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When it comes to building surfboards we’ve been using basically the same construction technique and materials for over 50 years and it’s a pretty solid, reliable, method that produces a light craft of reasonable strength. However Polyurethane blanks wrapped in polyester resin infused fibreglass are a nightmare for our environment both to produce and dispose of so particularly in the last decade the search for alternative construction methods and materials has been ramped up. Of the alternate materials currently the most widely employed is the use of Polystyrene or EPS blanks skinned in epoxy resin,  fibreglass, carbon fibre, innegra or a hybrid combination of glasses. Different construction methods and materials will generally alter surfboard performance as well which has been another driving force behind the search for alternate materials. The surfboard blank or core material and its inherent properties in particular play a crucial role in determining the overall “feel” of the finished board with density, weight and overall flex, both lateral and transverse playing crucial roles in performance. The less dense Polystyrene blanks used in epoxy boards are also far lighter than traditional blanks giving them a pop and liveliness that lends itself perfectly to smaller wave conditions. Epoxy resin itself has different characteristics being more flexible, resilient and indeed even more waterproof than polyester resin again making a superior medium with which to glass a hi-performance board. The downside of using epoxy resin is that although it’s a more environmentally friendly material than polyester it’s around triple the price and has far longer cure period making the glassing a more complex and time-consuming process which shows as a higher retail price. Although traditional polyurethane blanks are sometimes glassed in epoxy significant performance benefits are realised when the surfboard core is Polystyrene or EPS. It is this lightweight foam that really helps give the epoxy board significant advantages particularly in marginal conditions. Like most things though the use of these feather weight blanks comes with certain drawbacks one being the porous open-cell nature of the foam which allows rapid water ingress should the rider not return to shore immediately following a ding. Subsequently the repair process always takes longer on epoxy boards as most of the time is spent letting the water drain so the repair can be carried out. In cases when the epoxy board has been surfed extensively with open damage it may take as long as a month to dry before work can commence. So we see that both traditional and modern materials and construction have their strong and weak points. Epoxy boards in general will give superior performance in poor conditions particularly, they are slightly more resilient than PU/polyester but they are more expensive to initially purchase and more difficult, take longer and more pricey to repair. Traditional construction on the other hand makes a good, reliable, comparatively simple to produce and easy to repair product that has worked well for over half a century. Whatever type of board construction you go for remember they’re a precision made lightweight product so treat ‘em kind and don’t leave them out in the sun. Happy Surfing.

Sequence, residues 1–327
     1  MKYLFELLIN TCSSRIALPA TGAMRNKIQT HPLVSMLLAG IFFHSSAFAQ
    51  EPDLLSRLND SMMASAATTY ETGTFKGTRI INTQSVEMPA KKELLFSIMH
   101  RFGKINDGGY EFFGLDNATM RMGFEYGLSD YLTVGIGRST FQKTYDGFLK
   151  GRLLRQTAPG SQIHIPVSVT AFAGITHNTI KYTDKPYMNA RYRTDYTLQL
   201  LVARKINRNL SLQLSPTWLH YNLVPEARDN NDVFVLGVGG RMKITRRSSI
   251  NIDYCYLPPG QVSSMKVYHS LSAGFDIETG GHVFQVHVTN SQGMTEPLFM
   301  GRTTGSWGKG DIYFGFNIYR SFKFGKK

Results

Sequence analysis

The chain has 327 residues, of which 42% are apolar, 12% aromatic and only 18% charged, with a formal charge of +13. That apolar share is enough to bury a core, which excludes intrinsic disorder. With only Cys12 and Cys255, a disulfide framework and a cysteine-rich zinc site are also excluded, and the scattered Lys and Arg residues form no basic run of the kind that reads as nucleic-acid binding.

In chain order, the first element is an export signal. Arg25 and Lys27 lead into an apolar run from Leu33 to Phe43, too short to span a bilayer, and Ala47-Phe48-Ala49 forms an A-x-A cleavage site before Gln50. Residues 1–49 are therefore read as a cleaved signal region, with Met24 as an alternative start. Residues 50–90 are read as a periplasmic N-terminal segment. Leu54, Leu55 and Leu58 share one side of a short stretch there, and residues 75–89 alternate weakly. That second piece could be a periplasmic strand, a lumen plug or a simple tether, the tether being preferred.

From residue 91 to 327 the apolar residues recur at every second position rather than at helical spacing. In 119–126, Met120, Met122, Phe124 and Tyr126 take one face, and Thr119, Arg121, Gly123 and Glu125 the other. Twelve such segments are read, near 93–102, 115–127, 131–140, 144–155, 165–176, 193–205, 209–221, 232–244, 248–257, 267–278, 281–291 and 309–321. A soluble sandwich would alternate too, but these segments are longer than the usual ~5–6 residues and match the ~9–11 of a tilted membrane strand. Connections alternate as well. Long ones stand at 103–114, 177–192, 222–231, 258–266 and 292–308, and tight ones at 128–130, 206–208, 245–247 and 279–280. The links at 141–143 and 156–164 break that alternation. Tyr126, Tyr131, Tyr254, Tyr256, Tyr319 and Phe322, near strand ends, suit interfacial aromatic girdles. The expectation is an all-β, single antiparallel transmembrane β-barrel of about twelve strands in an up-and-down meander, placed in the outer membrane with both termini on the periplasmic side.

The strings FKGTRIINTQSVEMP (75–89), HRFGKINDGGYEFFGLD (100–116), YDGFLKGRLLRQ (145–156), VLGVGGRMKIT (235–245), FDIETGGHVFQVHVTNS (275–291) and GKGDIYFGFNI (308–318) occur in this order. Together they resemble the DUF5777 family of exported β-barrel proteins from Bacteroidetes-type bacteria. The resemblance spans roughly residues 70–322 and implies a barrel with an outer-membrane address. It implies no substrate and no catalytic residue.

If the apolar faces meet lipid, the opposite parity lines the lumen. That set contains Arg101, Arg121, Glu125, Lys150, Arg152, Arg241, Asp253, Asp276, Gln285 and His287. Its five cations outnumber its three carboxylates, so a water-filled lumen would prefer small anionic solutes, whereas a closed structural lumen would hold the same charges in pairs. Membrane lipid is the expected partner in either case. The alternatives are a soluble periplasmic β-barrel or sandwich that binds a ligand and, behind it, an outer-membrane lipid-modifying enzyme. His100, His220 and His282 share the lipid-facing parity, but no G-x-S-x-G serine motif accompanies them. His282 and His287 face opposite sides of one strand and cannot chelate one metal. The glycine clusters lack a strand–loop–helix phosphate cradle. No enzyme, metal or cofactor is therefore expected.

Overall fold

September 03, 2019 — Stuart Campbell